Chiefs

15


CHIEFS DEFENSIVE NOTES CHIEFS TAKEAWAYS UNDER REID Dating back to 2013 when Chiefs Head Coach Andy Reid and Defensive Coordinator Bob Sutton arrived in Kansas City, the Chiefs defense ranks first in the AFC and tied for fourth in the NFL when it comes to forcing opponent turnovers, tallying 147 total takeaways. Rk. 1. 2t. 4. 5.

Team CAR PHI ARI KC SEA

G 85 86 86 86 86

Takeaways 152 148 148 147 143

INTS SINCE 2013 The Chiefs rank third in the AFC and tied for fifth in the NFL with 89 interceptions since 2013. Rk. 1t. 3. 4. 5t.

INTs 94 94 92 91 89 89

Team Cincinnati Bengals Buffalo Bills Carolina Panthers Arizona Cardinals Kansas City Chiefs Seattle Seahawks

POINTS PER GAME ALLOWED

FEWEST YARDS PER PASS ATTEMPT ALLOWED Since 2013, the Chiefs have allowed just under seven yards per pass attempt. They rank fifth in the AFC and seventh in the NFL over that span.

Dating back to 2013, Kansas City’s defense ranks third in the NFL in allowing opposing teams to score just 19.7 points per game.

Rk. 1. 2. 3. 4. 5.

Rk. 1. 2. 3. 4. 5.

YPA 6.49 6.52 6.78 6.93 6.96

Team Denver Broncos Cincinnati Bengals Buffalo Bills Baltimore Ravens Kansas City Chiefs

Team Seattle Seahawks New England Patriots Kansas City Chiefs Cincinnati Bengals Baltimore Ravens

PPG 17.5 19.3 19.7 20.3 20.4

PASSES DEFENSED Going back to 2013, the club ranks first in the NFL for most passes defensed with 478 passes defensed. Rk. 1. 2. 3.

Team Kansas City Chiefs Cincinnati Bengals Philadelphia Eagles

PD 478 471 466

RUSHING TOUCHDOWNS ALLOWED Since 2013, the Chiefs have allowed only 54 rushing touchdowns, which is sixth in the NFL and fourth in the AFC. Rk. 1. 2. 3t. 5. 6.

Team New England Patriots Baltimore Ravens New York Jets Carolina Panthers Minnesota Vikings Kansas City Chiefs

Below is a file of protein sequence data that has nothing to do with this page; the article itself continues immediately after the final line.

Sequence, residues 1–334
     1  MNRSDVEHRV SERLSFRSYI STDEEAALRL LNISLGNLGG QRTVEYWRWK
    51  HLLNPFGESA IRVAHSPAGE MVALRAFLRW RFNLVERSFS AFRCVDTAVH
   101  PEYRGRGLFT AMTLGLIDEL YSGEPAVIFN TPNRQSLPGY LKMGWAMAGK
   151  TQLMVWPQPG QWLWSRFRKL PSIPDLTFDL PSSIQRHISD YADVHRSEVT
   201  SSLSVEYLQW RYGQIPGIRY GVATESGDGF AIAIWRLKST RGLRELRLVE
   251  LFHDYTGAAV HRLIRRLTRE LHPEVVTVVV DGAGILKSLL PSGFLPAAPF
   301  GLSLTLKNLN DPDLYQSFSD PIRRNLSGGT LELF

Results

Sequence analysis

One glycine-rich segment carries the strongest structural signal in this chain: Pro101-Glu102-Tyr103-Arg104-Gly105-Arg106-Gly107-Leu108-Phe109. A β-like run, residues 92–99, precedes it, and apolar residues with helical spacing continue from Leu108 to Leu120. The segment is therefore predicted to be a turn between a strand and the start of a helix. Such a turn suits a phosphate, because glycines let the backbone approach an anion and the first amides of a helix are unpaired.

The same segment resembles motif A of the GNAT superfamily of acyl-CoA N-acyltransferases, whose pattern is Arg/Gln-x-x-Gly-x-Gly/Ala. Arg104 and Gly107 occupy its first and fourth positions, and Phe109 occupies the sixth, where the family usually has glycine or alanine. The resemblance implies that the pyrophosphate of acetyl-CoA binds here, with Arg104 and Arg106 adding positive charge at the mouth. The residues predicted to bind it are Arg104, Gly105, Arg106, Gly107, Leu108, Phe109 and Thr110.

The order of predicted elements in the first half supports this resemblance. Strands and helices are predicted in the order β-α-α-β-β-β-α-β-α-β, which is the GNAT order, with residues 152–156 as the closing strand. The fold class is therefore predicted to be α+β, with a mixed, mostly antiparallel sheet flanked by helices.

Rushing TDs Allowed 38 49 51 51 53 54

GET YOUR HANDS DIRTY

OPPONENT COMPLETION PERCENTAGE Dating back to 2013, Kansas City’s pass defense is allowing opposing quarterbacks to complete just 58.0 percent of passes, ranking first in the NFL. Rk. 1. 2. 3. 4. 5.

Comp. % 58.0 59.4 60.0 60.5 60.6

Team Kansas City Chiefs Denver Broncos Buffalo Bills New England Patriots New York Jets

Getting after the opposing quarterback has been a point of pride for the Kansas City Chiefs. The Chiefs totaled 47.0 team sacks in 2015, 28.0 sacks in 2016 by 11 different players and had 31.0 in 2017 by 13 different players. The club has 17.0 sacks through six games in 2018 by eight players. LB Dee Ford DL Allen Bailey LB Justin Houston DL Chris Jones

4.0 4.0 3.0 2.0

DT Xavier Williams LB Terrance Smith LB Breeland Speaks S Armani Watts

1.0 1.0 1.0 1.0

OPPONENT PASSER RATING Since 2013, the Chiefs are holding opposing teams to an 81.2 passer rating, placing them third in the AFC and fourth in the NFL. Rk. 1. 2. 3. 4. 5.

16

Passer Rtg 77.4 80.0 80.1 81.2 82.1

Team Seattle Seahawks Cincinnati Bengals Buffalo Bills Kansas City Chiefs Denver Broncos

Chiefs


CHIEFS DEFENSIVE NOTES JUSTIN HOUSTON BY THE NUMBERS